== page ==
The head of the philosophy program at LaGuardia, John Chaffee, is the author of an introductory text book The Philosopher’s Way. The book is entering its fourth edition and John is updating the chapter on the self and consciousness. In particular he is updating the section on Paul Churchland’s eliminative materialism to include a discussion of functionalism. I have been asked to write something that could possibly be included after this discussion and which sums up the the current state of the field, provides a kind of “star map”, and might intrigue an undergraduate to learn more. Tall order! Here is a first draft of what I came up with. Comments and suggestions welcome!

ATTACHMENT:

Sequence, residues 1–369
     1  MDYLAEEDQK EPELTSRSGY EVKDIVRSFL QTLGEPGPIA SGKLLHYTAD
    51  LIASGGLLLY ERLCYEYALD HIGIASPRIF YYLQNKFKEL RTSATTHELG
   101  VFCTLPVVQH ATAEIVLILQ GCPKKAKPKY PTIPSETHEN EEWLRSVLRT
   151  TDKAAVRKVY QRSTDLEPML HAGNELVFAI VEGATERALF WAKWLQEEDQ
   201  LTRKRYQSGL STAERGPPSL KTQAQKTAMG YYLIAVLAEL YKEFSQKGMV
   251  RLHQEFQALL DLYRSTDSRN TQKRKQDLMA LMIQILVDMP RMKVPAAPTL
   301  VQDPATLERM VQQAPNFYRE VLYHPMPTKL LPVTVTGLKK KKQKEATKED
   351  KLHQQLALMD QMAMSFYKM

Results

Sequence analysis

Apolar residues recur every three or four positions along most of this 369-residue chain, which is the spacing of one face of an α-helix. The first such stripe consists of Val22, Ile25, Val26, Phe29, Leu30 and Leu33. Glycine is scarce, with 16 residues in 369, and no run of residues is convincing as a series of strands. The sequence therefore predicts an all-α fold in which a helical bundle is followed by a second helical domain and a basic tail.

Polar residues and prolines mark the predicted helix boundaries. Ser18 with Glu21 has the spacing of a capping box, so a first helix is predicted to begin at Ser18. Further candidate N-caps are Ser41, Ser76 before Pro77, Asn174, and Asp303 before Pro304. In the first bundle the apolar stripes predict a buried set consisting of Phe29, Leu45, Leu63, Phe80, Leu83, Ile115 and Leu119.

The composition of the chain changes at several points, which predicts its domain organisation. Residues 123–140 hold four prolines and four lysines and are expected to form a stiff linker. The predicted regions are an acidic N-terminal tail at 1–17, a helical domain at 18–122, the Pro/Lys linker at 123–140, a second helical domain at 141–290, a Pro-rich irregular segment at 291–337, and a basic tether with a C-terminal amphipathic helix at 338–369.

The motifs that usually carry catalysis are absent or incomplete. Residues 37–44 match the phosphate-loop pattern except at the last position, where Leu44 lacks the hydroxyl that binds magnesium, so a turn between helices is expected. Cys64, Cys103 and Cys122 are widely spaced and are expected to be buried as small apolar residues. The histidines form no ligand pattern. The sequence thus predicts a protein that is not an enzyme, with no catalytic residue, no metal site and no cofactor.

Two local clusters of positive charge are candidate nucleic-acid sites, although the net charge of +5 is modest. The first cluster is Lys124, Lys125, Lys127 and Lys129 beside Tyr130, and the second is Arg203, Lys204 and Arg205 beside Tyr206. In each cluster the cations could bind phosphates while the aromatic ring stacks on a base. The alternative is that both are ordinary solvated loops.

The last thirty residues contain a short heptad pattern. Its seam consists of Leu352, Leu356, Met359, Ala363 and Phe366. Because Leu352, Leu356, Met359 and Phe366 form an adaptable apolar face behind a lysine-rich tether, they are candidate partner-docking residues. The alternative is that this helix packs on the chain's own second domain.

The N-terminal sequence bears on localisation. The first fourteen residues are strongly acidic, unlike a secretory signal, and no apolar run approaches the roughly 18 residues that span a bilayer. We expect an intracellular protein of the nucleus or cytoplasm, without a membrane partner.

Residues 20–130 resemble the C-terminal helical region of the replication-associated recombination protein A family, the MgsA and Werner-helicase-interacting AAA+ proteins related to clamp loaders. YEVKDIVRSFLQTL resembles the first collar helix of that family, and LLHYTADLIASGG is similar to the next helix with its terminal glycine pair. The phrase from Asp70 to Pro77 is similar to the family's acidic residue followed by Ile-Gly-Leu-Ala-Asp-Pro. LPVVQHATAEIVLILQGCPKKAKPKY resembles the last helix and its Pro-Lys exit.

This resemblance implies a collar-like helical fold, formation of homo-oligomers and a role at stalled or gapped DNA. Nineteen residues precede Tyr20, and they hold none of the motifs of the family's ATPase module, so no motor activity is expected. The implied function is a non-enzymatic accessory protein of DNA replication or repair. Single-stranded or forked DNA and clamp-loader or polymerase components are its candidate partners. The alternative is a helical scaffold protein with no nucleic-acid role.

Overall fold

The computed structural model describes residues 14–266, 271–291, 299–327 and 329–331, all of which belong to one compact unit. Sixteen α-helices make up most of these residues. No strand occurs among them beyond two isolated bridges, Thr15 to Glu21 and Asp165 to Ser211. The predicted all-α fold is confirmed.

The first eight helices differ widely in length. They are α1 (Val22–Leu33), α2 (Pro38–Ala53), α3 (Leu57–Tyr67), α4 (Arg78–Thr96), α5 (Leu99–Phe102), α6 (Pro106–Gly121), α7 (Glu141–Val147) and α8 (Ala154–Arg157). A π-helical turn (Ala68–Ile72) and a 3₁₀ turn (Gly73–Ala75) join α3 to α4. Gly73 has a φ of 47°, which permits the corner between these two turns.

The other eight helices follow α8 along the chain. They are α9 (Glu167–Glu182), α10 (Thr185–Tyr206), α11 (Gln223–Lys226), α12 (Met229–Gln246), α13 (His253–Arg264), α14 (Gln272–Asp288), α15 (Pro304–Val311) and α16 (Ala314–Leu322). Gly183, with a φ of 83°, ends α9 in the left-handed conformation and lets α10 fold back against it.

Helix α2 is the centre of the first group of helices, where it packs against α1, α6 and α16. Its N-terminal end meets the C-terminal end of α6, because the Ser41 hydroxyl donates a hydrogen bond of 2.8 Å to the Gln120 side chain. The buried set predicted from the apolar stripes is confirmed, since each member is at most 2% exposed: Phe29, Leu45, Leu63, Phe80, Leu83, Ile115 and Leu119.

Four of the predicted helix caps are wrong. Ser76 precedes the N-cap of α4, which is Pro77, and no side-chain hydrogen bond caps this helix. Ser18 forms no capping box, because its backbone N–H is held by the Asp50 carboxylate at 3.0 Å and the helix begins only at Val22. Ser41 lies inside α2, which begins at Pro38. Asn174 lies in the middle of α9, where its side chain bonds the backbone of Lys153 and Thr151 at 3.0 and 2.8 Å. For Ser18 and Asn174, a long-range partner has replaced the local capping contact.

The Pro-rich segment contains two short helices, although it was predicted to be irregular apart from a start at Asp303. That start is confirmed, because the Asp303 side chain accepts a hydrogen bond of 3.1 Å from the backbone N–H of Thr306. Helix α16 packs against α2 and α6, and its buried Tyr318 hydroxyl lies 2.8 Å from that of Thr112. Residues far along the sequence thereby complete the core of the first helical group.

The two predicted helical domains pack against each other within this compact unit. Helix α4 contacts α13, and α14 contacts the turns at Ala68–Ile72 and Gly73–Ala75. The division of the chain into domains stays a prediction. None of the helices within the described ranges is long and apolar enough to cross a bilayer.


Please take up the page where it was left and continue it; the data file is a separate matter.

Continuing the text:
Contemporary Philosophy of Mind
The philosophical study of the mind in alive and well in the 21st Century. Broadly speaking one might say that there are three over arching concerns in this debate. The first concerns whether consciousness ultimately depends on something computational/functional or whether it depends on something biological. The second concerns whether consciousness is ultimately physical or non-physical, and the third concerns what role empirical results play in philosophical theories of consciousness.